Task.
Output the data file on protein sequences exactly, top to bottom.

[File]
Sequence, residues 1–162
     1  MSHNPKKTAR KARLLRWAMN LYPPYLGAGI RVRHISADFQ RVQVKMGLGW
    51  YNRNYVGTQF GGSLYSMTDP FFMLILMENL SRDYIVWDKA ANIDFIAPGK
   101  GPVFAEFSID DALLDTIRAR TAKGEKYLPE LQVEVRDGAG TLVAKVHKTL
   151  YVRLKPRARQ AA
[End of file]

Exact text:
Sequence, residues 1–162
     1  MSHNPKKTAR KARLLRWAMN LYPPYLGAGI RVRHISADFQ RVQVKMGLGW
    51  YNRNYVGTQF GGSLYSMTDP FFMLILMENL SRDYIVWDKA ANIDFIAPGK
   101  GPVFAEFSID DALLDTIRAR TAKGEKYLPE LQVEVRDGAG TLVAKVHKTL
   151  YVRLKPRARQ AA